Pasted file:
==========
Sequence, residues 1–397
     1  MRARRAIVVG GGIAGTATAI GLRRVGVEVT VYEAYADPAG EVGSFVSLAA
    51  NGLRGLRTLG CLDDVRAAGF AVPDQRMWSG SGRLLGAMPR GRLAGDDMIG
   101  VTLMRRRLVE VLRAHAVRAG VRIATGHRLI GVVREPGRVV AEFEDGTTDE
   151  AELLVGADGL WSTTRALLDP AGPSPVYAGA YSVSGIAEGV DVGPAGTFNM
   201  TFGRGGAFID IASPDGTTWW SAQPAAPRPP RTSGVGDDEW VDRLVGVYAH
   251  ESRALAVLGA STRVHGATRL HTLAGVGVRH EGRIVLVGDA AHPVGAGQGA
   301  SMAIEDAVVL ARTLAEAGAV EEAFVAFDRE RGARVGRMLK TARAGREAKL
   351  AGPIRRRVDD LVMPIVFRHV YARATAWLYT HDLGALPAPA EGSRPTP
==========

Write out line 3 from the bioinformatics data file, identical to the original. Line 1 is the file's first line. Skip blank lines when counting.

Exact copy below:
    51  NGLRGLRTLG CLDDVRAAGF AVPDQRMWSG SGRLLGAMPR GRLAGDDMIG